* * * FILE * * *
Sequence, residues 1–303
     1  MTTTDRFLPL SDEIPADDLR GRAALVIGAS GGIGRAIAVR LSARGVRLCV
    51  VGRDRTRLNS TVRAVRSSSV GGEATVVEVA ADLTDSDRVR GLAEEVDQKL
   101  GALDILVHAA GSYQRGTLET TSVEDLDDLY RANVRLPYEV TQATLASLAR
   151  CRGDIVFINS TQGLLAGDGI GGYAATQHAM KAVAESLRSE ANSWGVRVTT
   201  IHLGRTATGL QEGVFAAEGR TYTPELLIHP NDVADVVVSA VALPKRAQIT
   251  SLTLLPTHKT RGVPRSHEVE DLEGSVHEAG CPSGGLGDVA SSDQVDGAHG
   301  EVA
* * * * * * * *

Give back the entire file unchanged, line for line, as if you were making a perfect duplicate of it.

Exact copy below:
Sequence, residues 1–303
     1  MTTTDRFLPL SDEIPADDLR GRAALVIGAS GGIGRAIAVR LSARGVRLCV
    51  VGRDRTRLNS TVRAVRSSSV GGEATVVEVA ADLTDSDRVR GLAEEVDQKL
   101  GALDILVHAA GSYQRGTLET TSVEDLDDLY RANVRLPYEV TQATLASLAR
   151  CRGDIVFINS TQGLLAGDGI GGYAATQHAM KAVAESLRSE ANSWGVRVTT
   201  IHLGRTATGL QEGVFAAEGR TYTPELLIHP NDVADVVVSA VALPKRAQIT
   251  SLTLLPTHKT RGVPRSHEVE DLEGSVHEAG CPSGGLGDVA SSDQVDGAHG
   301  EVA